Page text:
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You’ve Reached Sam by Dustin Thao is a heartbreaking story about learning to let go. Following a girl who is given the opportunity to communicate with her dead boyfriend through phone calls, this one promises plenty of tears. The concept is original, but I was a little underwhelmed by the underdeveloped characters and repetitive writing style. While the book is missing the emotional punch I was expecting, I still found the philosophical implications interesting and would recommend it to those looking for a unique story about grief.Title: You've Reached Sam
Author: Dustin Thao
Publisher: Wednesday Books
Genres: Contemporary, Young Adult Fiction
Publication Date: November 9, 2021
Seventeen-year-old Julie has her future all planned out—move out of her small town with her boyfriend Sam, attend college in the city, spend a summer in Japan. But then Sam dies. And everything changes.
Heartbroken, Julie skips his funeral, throws out his things, and tries everything to forget him and the tragic way he died. But a message Sam left behind in her yearbook forces back memories. Desperate to hear his voice one more time, Julie calls Sam’s cellphone just to listen to his voicemail.
And Sam picks up the phone.
In a miraculous turn of events, Julie’s been given a second chance at goodbye. The connection is temporary. But hearing Sam’s voice makes her fall for him all over again, and with each call it becomes harder to let him go. However, keeping her otherworldly calls with Sam a secret isn’t easy, especially when Julie witnesses the suffering Sam’s family is going through. Unable to stand by the sidelines and watch their shared loved ones in pain, Julie is torn between spilling the truth about her calls with Sam and risking their connection and losing him forever.
❃ I received this book for free from the publisher in exchange for an honest review. This does not affect my opinion of the book or the content of my review. ❃
Review: You’ve Reached Sam by Dustin Thao
Julie and her boyfriend Sam have big plans for the future, but when Sam dies, Julie doesn’t know how to carry on. However, one day she decides to call Sam’s number, and he picks up. Julie is overjoyed at the opportunity to communicate with Sam again, but their connection comes with conditions. She can’t tell anyone about her ability to communicate with Sam, and the connection is only temporary. Now torn between sharing her secret with Sam’s family and risking losing Sam forever, Julie must confront the reality of the phone calls: that she is only prolonging saying goodbye.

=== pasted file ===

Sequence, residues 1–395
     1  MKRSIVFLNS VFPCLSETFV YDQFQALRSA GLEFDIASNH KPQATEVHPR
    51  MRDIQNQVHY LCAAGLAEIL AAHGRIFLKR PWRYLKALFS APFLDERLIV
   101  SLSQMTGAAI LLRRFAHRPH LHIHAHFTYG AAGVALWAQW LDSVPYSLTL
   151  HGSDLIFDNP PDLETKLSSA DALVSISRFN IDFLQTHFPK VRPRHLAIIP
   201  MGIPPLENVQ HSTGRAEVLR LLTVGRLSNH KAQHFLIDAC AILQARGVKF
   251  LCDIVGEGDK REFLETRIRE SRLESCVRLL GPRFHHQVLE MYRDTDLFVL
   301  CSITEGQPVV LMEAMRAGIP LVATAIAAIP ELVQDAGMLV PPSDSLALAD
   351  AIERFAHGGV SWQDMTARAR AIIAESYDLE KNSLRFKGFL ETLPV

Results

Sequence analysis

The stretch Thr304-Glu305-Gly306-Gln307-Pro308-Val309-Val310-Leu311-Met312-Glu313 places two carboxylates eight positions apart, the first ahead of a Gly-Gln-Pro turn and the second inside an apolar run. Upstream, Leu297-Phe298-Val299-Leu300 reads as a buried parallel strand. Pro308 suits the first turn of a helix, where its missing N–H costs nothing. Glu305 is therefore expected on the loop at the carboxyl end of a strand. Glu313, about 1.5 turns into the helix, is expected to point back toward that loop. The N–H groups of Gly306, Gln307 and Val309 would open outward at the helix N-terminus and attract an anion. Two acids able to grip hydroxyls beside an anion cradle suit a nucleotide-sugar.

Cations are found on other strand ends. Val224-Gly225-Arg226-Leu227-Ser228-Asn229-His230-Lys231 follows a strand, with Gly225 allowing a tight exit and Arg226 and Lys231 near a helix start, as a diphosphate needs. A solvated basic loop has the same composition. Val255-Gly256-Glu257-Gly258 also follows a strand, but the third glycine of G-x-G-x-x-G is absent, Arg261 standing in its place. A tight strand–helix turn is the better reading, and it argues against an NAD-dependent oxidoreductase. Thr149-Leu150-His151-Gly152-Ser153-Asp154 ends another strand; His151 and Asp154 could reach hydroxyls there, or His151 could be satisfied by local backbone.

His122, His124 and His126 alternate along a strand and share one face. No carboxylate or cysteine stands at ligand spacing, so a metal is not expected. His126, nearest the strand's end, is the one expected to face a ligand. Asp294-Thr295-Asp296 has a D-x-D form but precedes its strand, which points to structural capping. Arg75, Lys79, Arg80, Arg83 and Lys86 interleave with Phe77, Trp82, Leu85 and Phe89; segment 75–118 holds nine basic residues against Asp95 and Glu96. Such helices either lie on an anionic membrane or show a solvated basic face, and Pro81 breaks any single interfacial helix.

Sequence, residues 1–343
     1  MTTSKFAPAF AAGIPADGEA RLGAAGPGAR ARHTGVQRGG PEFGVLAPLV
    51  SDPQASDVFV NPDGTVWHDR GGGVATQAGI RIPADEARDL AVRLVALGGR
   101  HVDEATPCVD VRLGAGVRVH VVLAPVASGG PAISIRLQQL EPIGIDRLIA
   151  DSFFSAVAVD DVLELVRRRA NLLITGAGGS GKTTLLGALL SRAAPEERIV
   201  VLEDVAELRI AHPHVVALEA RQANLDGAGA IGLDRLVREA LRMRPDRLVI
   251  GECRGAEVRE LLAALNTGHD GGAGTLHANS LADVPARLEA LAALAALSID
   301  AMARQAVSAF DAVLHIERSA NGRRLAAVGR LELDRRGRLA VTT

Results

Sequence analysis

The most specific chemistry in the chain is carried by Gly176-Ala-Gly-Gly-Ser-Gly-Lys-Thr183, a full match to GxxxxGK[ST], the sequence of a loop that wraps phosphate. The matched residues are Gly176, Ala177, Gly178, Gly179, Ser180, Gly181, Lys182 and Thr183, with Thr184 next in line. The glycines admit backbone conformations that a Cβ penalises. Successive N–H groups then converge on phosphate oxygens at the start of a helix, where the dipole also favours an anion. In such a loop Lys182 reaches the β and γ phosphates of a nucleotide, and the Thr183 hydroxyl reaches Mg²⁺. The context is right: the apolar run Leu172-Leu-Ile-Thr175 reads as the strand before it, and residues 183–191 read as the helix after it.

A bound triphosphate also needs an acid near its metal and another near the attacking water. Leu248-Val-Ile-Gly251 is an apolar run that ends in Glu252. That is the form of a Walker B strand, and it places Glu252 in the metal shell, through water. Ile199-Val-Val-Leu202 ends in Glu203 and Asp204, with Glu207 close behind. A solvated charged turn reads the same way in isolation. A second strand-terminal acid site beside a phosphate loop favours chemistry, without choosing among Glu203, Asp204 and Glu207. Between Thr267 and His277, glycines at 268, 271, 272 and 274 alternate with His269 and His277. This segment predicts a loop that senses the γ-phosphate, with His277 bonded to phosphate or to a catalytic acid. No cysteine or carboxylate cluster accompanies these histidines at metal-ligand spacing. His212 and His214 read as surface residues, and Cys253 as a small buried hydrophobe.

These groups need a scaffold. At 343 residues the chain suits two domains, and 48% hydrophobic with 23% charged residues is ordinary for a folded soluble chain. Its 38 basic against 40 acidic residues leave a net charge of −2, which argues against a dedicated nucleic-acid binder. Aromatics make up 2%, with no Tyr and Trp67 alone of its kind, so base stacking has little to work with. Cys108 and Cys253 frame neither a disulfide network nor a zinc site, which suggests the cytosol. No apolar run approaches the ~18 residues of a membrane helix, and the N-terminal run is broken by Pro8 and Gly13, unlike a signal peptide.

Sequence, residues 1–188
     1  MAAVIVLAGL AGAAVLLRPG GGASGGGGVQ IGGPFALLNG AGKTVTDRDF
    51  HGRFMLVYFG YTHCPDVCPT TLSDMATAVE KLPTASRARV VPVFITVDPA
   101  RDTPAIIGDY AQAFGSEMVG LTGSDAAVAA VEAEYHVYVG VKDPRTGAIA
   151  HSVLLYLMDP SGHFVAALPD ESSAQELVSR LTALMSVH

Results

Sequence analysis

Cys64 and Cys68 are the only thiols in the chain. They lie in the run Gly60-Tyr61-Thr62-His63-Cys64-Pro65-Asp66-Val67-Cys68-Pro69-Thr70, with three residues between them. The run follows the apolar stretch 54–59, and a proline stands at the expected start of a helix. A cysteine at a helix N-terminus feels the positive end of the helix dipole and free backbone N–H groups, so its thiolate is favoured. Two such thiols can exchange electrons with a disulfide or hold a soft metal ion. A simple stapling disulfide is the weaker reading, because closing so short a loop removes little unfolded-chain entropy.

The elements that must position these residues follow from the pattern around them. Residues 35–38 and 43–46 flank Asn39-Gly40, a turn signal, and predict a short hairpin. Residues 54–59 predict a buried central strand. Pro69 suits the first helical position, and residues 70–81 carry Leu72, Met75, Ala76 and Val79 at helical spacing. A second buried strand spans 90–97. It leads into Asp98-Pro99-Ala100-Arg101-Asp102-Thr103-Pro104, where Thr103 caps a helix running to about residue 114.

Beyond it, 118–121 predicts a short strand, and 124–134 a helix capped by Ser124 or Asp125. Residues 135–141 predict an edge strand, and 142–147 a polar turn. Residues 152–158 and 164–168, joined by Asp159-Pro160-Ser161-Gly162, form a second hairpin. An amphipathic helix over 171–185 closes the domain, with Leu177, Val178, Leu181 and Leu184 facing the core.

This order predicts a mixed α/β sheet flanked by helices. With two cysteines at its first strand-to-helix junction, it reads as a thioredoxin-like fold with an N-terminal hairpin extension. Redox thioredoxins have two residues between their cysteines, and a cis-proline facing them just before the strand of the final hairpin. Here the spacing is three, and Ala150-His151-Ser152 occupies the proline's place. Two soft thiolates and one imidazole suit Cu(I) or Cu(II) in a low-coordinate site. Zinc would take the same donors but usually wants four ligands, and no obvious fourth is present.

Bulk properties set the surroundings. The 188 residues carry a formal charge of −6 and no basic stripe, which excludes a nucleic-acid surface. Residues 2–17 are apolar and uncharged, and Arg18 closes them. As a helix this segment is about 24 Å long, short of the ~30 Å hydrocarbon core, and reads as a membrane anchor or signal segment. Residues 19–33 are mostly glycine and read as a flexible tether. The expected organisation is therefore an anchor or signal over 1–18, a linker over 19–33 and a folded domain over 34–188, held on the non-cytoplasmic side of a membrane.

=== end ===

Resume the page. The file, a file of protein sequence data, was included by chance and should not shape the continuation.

❀ Missing an Emotional Punch
I appreciated the exploration of grief through Julie’s character, but I found myself wishing that both she and Sam were more developed. Julie’s emotional struggles and the tension between her both wanting to keep talking to Sam and wanting to ease his family’s pain is powerful, and her journey as she learns to let go is well written. However, as a character, I had some difficulties connecting with her. Sam also felt flat to me, and because of this, the story was missing the emotional punch I was expecting.
❀ Interesting Concept
Philosophically, I think the concept of being able to communicate with a lost loved one is interesting, but the execution could have been stronger. I’m willing to overlook some of the plot holes and unanswered questions regarding the logistics of the calls since this is probably meant to represent the idea that we don’t know what comes after death, but I had some issues with the repetitive writing style. The story seems to follow the same structure of flashbacks and phone calls, and after a while, I felt as though there wasn’t much going on in terms of plot. I was still interested in what the story has to say about grief, but I found myself wishing for the final phone call sooner.
❀ Will Resonate With Many Readers
You’ve Reached Sam by Dustin Thao is an emotional story about grief and learning to let go. The concept of communicating with a loved one after death is unique, but I had some issues with the flat characterization and repetitive writing style. While I was a little underwhelmed by this book, I’m sure it is still one that will resonate with many readers.